German Soft Power in Southeastern Europe, 1890–1945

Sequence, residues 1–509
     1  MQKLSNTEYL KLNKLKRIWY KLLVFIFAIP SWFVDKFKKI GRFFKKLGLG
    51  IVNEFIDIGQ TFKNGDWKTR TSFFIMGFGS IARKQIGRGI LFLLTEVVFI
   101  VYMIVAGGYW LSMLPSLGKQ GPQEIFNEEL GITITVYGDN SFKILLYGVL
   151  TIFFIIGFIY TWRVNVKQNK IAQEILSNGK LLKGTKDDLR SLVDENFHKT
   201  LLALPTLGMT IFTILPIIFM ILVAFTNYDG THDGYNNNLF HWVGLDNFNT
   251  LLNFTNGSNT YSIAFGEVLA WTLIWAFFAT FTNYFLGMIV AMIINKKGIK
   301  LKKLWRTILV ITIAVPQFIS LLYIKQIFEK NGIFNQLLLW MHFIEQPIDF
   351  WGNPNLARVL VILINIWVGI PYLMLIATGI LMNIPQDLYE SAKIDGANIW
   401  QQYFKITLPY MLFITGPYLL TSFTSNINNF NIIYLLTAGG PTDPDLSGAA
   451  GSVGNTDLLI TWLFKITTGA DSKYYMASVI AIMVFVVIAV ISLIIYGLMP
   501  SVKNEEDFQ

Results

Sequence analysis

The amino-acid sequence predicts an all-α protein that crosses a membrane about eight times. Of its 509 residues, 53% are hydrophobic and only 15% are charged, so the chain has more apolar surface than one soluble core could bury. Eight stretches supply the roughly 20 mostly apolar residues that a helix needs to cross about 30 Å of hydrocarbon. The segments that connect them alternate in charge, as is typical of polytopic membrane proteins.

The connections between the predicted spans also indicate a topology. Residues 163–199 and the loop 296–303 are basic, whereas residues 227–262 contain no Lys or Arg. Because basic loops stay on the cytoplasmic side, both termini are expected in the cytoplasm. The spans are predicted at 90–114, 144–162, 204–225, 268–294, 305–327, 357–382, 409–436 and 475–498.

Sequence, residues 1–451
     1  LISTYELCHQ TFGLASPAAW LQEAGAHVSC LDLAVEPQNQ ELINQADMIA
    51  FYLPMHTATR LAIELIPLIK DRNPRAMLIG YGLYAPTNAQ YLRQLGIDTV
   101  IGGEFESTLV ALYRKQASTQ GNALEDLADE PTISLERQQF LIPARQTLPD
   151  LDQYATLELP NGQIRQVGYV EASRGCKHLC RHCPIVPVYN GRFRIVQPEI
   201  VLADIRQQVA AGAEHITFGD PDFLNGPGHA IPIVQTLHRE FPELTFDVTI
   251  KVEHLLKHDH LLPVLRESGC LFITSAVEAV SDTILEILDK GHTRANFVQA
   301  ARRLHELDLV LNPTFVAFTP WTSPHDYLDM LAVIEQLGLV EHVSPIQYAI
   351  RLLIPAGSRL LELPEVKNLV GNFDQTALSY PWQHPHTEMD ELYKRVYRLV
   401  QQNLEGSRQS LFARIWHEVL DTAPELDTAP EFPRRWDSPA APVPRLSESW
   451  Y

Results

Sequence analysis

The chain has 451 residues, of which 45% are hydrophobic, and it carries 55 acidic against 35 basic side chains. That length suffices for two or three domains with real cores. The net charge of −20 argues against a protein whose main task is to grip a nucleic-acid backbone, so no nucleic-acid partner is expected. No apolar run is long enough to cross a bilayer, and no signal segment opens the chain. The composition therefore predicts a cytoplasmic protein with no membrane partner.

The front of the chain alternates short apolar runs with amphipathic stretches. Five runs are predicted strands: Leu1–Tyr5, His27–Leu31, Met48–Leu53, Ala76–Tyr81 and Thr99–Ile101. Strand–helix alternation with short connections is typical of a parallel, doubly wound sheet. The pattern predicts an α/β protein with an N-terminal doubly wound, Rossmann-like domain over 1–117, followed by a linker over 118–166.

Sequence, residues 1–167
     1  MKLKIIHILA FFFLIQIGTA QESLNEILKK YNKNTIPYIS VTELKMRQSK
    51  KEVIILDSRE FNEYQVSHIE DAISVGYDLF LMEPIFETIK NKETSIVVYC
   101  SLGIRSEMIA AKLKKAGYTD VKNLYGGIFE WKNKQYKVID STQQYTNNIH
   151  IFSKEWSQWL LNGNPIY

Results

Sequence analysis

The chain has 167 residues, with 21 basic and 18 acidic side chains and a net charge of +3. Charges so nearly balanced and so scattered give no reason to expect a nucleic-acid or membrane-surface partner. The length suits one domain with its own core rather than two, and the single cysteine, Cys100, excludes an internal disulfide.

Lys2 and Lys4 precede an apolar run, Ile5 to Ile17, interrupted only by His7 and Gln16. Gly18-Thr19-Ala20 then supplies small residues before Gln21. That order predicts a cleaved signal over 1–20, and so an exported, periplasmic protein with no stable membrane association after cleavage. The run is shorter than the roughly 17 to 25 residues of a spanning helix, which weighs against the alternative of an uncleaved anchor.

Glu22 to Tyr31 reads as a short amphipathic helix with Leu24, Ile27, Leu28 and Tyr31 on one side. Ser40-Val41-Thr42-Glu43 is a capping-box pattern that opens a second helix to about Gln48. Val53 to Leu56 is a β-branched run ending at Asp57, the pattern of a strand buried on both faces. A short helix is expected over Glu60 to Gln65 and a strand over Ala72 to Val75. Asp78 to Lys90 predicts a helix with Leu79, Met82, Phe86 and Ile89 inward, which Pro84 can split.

German imperialism in Europe evokes images of military aggression and ethnic cleansing. Yet, even under the Third Reich, Germans deployed more subtle forms of influence that can be called soft power or informal imperialism. Stephen G. Gross examines how, between 1918 and 1941, German businessmen and academics turned their nation - an economic wreck after World War I - into the single largest trading partner with the Balkan states, their primary source for development aid and their diplomatic patron. Building on traditions from the 1890s and working through transnational trade fairs, chambers of commerce, educational exchange programmes and development projects, Germans collaborated with Croatians, Serbians and Romanians to create a continental bloc, and to exclude Jews from commerce. By gaining access to critical resources during a global depression, the proponents of soft power enabled Hitler to militarise the German economy and helped make the Third Reich's territorial conquests after 1939 economically possible.
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